I feel stripped bare by what Hurricane Katrina has done. I did not think it possible that the destruction that I saw in D'Iberville and Biloxi could be any worse. But what I show in Gulfport this past Saturday still haunts me and will for a long time. The sad thing is that the further west you go along the Mississippi Gulf Coast, the worse it is. If Gulfport is that bad, I cannot imagine what Long Beach, Pass Christian, Bay St Louis, Waveland, and Lakeshore look like.
Every time I turn around there are constant reminders of Hurricane Katrina. Most days I can deal with it. Some days, it takes a supreme effort to just do the daily things.
It's a constant roller coaster of emotions. Yesterday there was joy and sorrow. Joy that the parts to rebuild the racking system at the cold storage started coming in and that the placement of rebar and the building of the concrete forms is speeding along for the rebuilding of the factory. Then there are the calls from long time retail customers that cry when they learn of the destruction of the seafood market and tell you "Bless your heart and we love you" and your only response can be "We love y'all too".
Even placing long distance phone calls out of state is a reminder. When talking to people you haven't talked to since the hurricane hit, there is a pattern, first there is the joy that we're still around and then the sadness at the destruction.
It's been more than 100 days of this. There is the worry that Congress is not going to come through this session for the $34 billion that is sorely needed to rebuild. City halls were destroyed. Police and fire stations were destroyed. Libraries were destroyed. Utilities are still being repaired. The whole electric grid will need to be repaired and even though all those who can have power now have it, there is still a lot of work to be done.
And the homes, the 68,000 in Mississippi that were destroyed. Half of them were not even on the 100 year flood plains much less on the flood plains that require flood insurance for a mortgage. Then there are the precious lives lost. In Mississippi, 238 lives were lost. The majority were elderly who chose to stay in their homes believing they were safe based on what Hurricane Camille had done in 1969. Almost every day there is a special obituary memorial of someone who died during Hurricane Katrina.
Even taking a lunch date is no break. For then you learn of the destruction of the house that his father built with his own hands 50 years ago. And you learn that all of his equipment he used for his business was destroyed.
You call your family and friends and for a few brief moments there is an absence of Katrina but it creeps in after awhile, for the favorite game in the South is did you hear, and so more Katrina stories are shared.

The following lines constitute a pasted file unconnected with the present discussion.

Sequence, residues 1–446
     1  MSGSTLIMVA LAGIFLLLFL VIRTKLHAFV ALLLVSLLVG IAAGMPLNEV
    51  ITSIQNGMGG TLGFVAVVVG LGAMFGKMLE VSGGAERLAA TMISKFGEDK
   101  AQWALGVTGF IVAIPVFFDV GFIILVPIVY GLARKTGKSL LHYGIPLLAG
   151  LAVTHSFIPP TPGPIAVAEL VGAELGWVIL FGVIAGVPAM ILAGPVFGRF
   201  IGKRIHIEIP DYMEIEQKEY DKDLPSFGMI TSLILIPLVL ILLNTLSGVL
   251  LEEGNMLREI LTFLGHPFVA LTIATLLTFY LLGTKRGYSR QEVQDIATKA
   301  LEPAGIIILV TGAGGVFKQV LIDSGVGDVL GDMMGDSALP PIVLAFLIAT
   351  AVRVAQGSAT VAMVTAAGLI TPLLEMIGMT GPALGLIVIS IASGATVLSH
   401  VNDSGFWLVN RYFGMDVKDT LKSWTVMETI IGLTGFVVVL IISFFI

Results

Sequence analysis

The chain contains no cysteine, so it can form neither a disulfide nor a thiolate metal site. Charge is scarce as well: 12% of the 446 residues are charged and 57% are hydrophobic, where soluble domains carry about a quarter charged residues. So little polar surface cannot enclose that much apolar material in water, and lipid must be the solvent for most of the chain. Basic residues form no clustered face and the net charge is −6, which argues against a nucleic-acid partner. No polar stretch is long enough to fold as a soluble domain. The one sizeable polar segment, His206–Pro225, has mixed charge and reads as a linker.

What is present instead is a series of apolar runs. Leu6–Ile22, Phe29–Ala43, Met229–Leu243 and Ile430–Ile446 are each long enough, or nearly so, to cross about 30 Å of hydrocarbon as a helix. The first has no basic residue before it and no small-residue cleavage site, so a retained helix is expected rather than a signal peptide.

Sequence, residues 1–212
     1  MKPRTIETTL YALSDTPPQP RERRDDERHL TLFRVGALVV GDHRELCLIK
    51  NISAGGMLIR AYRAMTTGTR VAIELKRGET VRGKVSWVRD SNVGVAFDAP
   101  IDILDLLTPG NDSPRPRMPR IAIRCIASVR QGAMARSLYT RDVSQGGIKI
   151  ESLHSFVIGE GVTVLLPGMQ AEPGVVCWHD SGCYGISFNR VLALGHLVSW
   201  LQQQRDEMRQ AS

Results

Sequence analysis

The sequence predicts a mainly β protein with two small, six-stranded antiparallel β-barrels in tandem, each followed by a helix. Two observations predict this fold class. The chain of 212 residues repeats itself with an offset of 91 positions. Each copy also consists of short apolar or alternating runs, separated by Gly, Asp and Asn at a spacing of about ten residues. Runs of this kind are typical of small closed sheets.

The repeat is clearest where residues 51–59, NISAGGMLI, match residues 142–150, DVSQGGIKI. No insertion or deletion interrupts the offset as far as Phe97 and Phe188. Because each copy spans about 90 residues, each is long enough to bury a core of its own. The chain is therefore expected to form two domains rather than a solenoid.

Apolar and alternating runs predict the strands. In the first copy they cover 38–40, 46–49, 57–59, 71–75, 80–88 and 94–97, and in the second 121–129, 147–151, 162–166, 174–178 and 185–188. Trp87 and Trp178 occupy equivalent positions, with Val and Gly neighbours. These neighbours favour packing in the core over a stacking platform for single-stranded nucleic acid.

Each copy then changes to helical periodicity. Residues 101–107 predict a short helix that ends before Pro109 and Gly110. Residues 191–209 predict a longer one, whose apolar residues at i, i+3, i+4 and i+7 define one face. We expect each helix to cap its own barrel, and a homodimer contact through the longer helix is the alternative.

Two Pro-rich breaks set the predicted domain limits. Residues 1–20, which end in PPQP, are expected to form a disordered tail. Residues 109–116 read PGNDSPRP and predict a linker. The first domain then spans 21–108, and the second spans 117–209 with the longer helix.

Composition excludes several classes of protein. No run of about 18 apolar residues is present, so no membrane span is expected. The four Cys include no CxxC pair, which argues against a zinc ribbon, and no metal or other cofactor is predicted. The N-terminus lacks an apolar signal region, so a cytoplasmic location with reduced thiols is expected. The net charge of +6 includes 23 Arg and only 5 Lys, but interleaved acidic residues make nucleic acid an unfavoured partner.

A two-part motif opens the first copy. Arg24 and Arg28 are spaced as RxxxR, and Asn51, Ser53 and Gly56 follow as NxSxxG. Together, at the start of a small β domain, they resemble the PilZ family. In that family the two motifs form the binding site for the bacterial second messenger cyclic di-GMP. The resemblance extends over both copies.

The traffic jams are horrendous because two major arteries are out of commission. Hwy 90 is still closed in Biloxi and the two bridges at either end mean people from Ocean Springs and Bay St Louis have to travel circuitous routes. The same for those that rely on Popps Ferry Road. Next to I-110, this is the busiest route into Biloxi and the bridge is still out.
Hurricane Katrina has stripped my life and the lives of over 300,000 Mississippians bare. Even though stores are open, there is still a scarcity of goods at times. Going to places like Mobile helps and then it doesn't. You escape for awhile but then you come back to the reality.
At times there is doubt that we'll be able to rebuild. For the most part that doubt is unspoken but in discussing it with others, the doubt is there at times. When I have seen miles and miles of destruction, I believe it's a natural reaction.
My heart aches for my city of Gulfport and the lives of the people in it. It aches for everyone on the Mississippi Gulf Coast. Hurricane Katrina brutalized us and some of the scars are unseen. It has stripped us bare. But in doing so has exposed strengths that were unknown. The first and foremost is the strength of the community down here. There's a realization that we're in this together and that it's going to take all of us to rebuild. Then there's the strength of faith. There is also the realization that so many people have come from places like Virginia, Canada, California, Michigan, Missouri, North Carolina, South Carolina, and all corners of the country to volunteer their time to help us. We are not alone and that also gives me and so many others strength. The continued prayers of so many also help us.